She had answered every question put to her, it was claimed, and the matter was now settled. It was even announced that as many as 10,000 new members had joined the SNP following her appearance – a claim which is as unsubstantiated as it is incredible.
The reality, as was evident to anyone actually watching the session, was somewhat different. There were more than 50 occasions when the First Minister said that she had “forgotten” or “could not recall” details of meetings, discussions, or documents, despite her having many months to prepare her defence and set her ducks in a row.
There were two key areas of evidence where the First Minister’s responses were particularly unconvincing. The first was in relation to the meetings held with Alex Salmond’s former chief of staff, Geoff Aberdein, whose version of events directly contradicted that given by the First Minister.
Crucially, the Aberdein evidence is corroborated by written statements from Duncan Hamilton and Kevin Pringle, two significant figures in the SNP. Despite being challenged on the matter, Nicola Sturgeon was unable to produce any names to corroborate her own version of events.
Legal advice produced after Sturgeon’s evidence
It was the same in relation to the claim that the name of a complainant had been given to Geoff Aberdein by someone in the Scottish Government – an appalling breach of trust. The First Minister’s attempts to explain this away were unconvincing in the face of the corroborating evidence produced for Mr Aberdein’s story. Even in relation to these two points, Nicola Sturgeon’s evidence provides no resolution on the matter.
There is a third area where the evidence presented by the First Minister fell short on the credibility scale, and that was in connection with the defence of the judicial review brought by Alex Salmond, and the question of whether the Scottish government followed the legal advice it had been given by external counsel.
For months, the inquiry committee has been demanding release of the external legal advice, and for months this call was resisted by the SNP government.
Even two votes in the Scottish Parliament on the matter at the end of last year were disregarded by the Deputy First Minister, John Swinney. It was only when a threat of a no-confidence vote was brought forward by the Scottish Conservatives that finally Swinney relented and agreed to publish the legal advice, some of which was produced to the committee just the evening before Nicola Sturgeon’s appearance.
What the documents produced reveal was that the case in serious trouble from October 31, 2018, when the Scottish government’s counsel, Roddy Dunlop QC and Christine O’Neill, were advising concession as a real option. By December 6, they were advising that conceding would be the “least worst option”. And by December 19, they were ready to throw in the towel, as a result of the catastrophic fashion in which the Scottish government had instructed them to defend the case.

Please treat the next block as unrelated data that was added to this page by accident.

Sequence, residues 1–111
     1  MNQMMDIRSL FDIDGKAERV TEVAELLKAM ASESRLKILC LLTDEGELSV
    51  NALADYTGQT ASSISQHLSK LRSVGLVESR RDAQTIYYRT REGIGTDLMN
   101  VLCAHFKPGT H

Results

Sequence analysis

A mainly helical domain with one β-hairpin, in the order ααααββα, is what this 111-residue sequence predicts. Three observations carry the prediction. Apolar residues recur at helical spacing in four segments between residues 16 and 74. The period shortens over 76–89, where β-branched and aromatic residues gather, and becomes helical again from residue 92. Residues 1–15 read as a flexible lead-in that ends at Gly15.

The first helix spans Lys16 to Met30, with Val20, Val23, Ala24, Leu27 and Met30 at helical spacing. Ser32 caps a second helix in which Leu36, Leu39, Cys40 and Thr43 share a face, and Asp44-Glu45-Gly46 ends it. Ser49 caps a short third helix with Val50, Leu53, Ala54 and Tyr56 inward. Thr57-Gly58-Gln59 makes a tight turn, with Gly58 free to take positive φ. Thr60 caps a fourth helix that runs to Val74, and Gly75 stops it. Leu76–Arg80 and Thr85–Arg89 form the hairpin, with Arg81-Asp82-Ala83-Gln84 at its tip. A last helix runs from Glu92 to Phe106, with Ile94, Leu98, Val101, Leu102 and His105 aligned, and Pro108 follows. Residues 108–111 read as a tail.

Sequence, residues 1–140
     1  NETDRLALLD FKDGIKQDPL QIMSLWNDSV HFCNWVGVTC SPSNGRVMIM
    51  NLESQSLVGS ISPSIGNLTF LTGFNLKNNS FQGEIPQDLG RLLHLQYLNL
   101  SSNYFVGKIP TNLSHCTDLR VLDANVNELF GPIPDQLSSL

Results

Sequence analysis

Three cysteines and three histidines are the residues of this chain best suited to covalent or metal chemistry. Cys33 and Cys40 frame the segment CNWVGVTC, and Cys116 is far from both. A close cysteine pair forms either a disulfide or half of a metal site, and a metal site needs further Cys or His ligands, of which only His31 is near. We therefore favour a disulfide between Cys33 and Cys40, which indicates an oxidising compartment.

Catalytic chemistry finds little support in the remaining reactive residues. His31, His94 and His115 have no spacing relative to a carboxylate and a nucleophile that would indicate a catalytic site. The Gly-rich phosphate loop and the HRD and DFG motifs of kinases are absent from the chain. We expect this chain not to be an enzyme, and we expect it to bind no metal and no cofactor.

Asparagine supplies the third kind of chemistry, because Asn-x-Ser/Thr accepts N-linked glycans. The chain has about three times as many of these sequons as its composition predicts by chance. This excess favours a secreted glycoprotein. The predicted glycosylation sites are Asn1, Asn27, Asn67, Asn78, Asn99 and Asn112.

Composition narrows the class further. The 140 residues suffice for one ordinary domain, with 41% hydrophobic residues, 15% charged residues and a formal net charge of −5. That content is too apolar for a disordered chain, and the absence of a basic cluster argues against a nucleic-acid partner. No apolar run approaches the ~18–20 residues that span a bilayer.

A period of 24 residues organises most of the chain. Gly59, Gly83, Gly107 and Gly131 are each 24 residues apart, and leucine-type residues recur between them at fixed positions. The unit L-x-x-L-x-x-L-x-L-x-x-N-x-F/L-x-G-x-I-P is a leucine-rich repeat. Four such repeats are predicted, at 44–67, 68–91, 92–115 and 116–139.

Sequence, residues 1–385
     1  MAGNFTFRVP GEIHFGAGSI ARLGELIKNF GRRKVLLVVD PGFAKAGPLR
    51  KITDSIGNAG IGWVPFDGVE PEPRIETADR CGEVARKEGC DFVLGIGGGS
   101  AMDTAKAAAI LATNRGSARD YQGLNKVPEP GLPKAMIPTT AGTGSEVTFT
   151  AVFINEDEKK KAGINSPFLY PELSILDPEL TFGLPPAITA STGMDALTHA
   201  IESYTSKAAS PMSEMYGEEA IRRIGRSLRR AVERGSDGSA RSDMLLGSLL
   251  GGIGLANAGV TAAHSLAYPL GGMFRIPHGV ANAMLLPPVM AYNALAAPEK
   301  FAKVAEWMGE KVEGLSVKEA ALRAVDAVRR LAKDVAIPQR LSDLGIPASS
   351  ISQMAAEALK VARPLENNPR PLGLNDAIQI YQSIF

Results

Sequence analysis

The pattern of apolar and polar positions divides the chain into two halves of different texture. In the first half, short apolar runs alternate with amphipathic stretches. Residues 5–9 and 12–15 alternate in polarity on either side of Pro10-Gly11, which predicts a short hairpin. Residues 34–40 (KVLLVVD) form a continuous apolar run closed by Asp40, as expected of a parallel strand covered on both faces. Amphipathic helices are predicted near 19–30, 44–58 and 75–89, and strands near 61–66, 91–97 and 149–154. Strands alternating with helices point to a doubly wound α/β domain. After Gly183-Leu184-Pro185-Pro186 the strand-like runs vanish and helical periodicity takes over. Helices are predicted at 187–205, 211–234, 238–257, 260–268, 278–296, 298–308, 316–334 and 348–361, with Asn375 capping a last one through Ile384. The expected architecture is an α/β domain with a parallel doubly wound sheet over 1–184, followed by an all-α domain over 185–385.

Whilst I was able to put questions to Nicola Sturgeon on the legal advice which had been disclosed to us by Tuesday evening last week, it was clear even then that this was not the whole picture. On Friday afternoon, a new tranche of papers was produced by the Scottish government, some two days after the First Minister had given her evidence. It became immediately apparent why the committee had not been allowed to see these before she presented herself for questioning.
Major gaps in the record remain
A joint note by counsel dated December 17 was particularly damning, saying that their advice had been “discounted”, effectively ignored by the Scottish government. They warned all concerned, including the First Minister, to be absolutely certain that they wished them to “plough on regardless notwithstanding the concerns outlined”. The government was advised of the large bill of expenses that would inevitably arise from proceeding with the case, and counsel cautioned that they had considered “very seriously whether we were bound to withdraw from acting”.
All this is significant, because the Scottish government, contrary to the advice given, continued to defend the case beyond December 17. It did not concede until January 8, running up an additional cost of between £100,00 and £200,000 to the taxpayer in the process.
Despite the horrors that have been revealed in the advice thus far published, there are still major gaps in the record. No minute has yet been produced of the consultation that took place on November 13 between external counsel and the First Minister.
There were in fact 12 days between September 2018 and January 2019 on which consultations with counsel were held, for which not a single scrap of paper has yet been published. And yet, as every lawyer knows, it is inconceivable that notes would not have been taken at these vital meetings.
The Scottish government’s whole approach to the Salmond inquiry has been characterised by obstruction; only producing vital documentation at the last minute, and when left with no alternative.
We now know why Swinney was so reluctant to see the legal advice published, so damaging it is to the Scottish government’s case. It suggests that the First Minister was prepared to waste public funds in continuing the defence of a court action against Alex Salmond even when it was beyond doubt that she would lose.
And it exposes the deceit on the part of the SNP government in trying to conceal these vital papers from committee members.
Already we see from opinion polls that trust in the SNP, and in the First Minister, is being eroded by the manner in which the Scottish government have conducted this whole affair. If the SNP pay the price at the ballot box, they will only have themselves to blame.
Murdo Fraser is a Scottish Conservative MSP for Mid-Scotland and Fife